By now you should have a grasp on what keywords are when discussing SEO, especially after reading our recent blog. If you have done your research, you might be asking if questions or statements (typically just a series of keywords) are better for ranking purposes. The bad news is that like anything with SEO, the answer isn’t a simple one. The good news, though, is that you really can’t go wrong either way if you’re optimizing correctly. Here’s what we mean by that.
Always Write for Humans
As always, we have to put a quick rule out there for you to begin with, and that rule is to ALWAYS write for humans and not for bots. Years ago, SEO was different, and the ultimate goal was to have the crawlers pick up your site because you had 30 of the same keyword on a page. Fortunately, driven by a society that prides itself on smart devices, Google has also become smart enough to know who’s trying to cheat the system and now focuses on normal writing rather than spammed out content. As you do more keyword research, just keep this as your absolute number one rule and you’ll be doing just fine.
Variations of Search
To get the answer to the question in this blog, you have to first understand the variations of search. The easiest way to do so is to think about how you search for different things, whether that be a restaurant, a salon, or a children’s toy, there are always different methods of finding what you need. In healthcare it’s a bit different (although not insanely different), so here’s how we break it down.
Keyword(s) + Locality
The most common style of straightforward searching will always be keyword plus the locality. For example, if you’re searching for a urologist in Charlotte, you’d likely search “urologist in Charlotte, NC” or some sort of variation around that. This continues to apply as you think about procedures and services, but it may begin to become longer. For example, if you’re searching for urinary incontinence treatment you might search “urinary incontinence treatment in Charlotte, NC” or something similar.
As these types of searches are really the foundation of SEO, they are important to optimize for on your website. However, continue to do so naturally. If you find yourself writing “we are the best urologist in Charlotte, NC for urological treatments,” you may be thinking too hard. Just form natural sentences and include locality where you can and Google will index you quickly!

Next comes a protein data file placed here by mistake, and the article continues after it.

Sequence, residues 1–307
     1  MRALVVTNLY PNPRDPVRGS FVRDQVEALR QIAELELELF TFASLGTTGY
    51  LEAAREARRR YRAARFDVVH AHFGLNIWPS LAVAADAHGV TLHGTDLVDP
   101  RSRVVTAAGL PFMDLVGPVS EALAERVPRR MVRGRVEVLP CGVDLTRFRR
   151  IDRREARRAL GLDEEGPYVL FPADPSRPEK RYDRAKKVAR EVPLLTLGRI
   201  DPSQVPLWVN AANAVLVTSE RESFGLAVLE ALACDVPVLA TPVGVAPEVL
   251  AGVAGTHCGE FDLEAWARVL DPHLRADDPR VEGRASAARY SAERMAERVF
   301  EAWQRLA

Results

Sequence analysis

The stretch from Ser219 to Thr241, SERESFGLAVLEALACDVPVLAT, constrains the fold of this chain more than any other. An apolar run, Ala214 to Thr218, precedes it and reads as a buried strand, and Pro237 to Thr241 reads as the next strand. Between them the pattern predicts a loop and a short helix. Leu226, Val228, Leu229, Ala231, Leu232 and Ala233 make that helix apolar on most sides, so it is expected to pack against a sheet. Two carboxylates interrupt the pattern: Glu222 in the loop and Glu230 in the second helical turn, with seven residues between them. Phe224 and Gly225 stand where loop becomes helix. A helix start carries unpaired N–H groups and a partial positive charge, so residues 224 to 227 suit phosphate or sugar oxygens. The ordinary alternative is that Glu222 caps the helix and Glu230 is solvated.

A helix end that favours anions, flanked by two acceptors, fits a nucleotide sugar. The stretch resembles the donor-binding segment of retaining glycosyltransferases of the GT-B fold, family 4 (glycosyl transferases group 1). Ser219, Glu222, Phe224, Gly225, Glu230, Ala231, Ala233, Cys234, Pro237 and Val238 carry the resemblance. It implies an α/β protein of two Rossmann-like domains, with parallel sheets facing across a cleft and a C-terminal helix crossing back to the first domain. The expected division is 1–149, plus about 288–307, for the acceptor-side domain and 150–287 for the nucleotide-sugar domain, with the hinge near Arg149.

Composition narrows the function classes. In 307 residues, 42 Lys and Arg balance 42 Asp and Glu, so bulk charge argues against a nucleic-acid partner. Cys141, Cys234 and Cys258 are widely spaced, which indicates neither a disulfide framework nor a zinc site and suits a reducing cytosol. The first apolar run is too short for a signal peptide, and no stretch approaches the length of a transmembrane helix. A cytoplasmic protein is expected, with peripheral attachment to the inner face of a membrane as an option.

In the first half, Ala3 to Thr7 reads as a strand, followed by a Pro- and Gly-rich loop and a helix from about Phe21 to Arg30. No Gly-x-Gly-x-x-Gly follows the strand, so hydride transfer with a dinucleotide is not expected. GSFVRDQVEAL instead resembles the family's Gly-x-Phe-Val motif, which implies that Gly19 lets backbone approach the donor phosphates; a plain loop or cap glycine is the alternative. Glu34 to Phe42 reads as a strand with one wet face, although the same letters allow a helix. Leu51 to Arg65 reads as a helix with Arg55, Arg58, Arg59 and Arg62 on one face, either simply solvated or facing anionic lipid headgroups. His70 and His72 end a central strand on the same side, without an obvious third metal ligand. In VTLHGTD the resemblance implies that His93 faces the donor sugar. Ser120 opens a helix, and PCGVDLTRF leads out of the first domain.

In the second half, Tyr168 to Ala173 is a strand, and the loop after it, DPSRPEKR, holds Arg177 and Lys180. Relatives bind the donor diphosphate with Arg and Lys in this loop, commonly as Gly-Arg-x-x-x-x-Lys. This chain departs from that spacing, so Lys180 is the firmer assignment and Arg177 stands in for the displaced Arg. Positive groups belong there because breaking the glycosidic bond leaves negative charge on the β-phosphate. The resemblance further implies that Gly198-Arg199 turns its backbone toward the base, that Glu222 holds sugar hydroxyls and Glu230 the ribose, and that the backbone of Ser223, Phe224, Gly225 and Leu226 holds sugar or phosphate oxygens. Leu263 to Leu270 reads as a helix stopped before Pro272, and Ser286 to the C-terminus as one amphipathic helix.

Question (and Answer)
The hot new way of searching (although it’s been around forever) is question and answer. By now, most of you have some sort of smart phone or home device that you talk to quite often. Think Siri or Alexa here. When you’re talking to them and trying to search for something, you probably phrase it as a question, right? Although this isn’t as helpful for people looking for general searches like urologists in a specific area, it is helpful when determining what symptoms mean, or who’s the best. For example, “why is my head hurting when it’s cold out?” or “who is the best neurologist in Charlotte, NC?”, are questions you might find yourself asking that can bring about a number of different results.
Because these searches are a bit more robust, they require a little more work from an SEO perspective. Developing strong FAQ pages, adding headers with questions, writing strong blogs that are question based, or adding things like FAQ schema can help you get in front of the right audience and stay above your competitors on search results.
While the keyword plus locality method is known as the most common by SEOs, the “thought process” search might be the most common in reality. What we mean here is when someone just searches what is on their mind with little to no structure. These could be people on the go, or those that just don’t necessarily know how SEO works in general. For example, let’s say you were looking for the best place to get Botox near you, but didn’t really know how to phrase it. Perhaps you typed “best place to help get rid of wrinkles on face” to find the results. The good thing is that you probably got a lot of answers, but how on earth did you get those answers?
Google knows to read your site for keywords and bases the results on impressions. For example, that wrinkle search will possibly pull results related to skin rejuvenation, facials, or cosmetics, along with the Botox you were looking for. However, if you have a page or two on your site that speaks to various ways to rid your skin of wrinkles, you might become a top result, regardless of how that person may search.
Keep It Interesting
The important thing to note here is that you need to switch up how you optimize your site! Don’t go with just one method, but rather focus on trying to capture all different types of searchers. Not only will you benefit by getting a wide range of results, but you’ll also end up having a strong site full of stellar content. A strong user interface helps the patient conversion funnel, meaning you get more people in your door!
For more information about our programs, or to learn more about keywords and phrases for SEO, contact Practis today!